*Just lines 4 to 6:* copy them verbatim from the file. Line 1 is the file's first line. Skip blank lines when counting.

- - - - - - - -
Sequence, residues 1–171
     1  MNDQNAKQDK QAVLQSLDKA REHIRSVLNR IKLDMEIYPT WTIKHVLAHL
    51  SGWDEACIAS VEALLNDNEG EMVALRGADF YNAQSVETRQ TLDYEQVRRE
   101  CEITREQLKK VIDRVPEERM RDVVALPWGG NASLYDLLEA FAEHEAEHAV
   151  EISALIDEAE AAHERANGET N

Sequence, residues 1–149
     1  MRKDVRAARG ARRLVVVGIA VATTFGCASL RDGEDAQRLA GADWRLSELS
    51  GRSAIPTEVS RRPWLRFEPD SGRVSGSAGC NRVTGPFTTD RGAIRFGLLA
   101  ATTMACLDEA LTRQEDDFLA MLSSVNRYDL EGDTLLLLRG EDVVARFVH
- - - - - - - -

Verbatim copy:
   101  CEITREQLKK VIDRVPEERM RDVVALPWGG NASLYDLLEA FAEHEAEHAV
   151  EISALIDEAE AAHERANGET N

Sequence, residues 1–149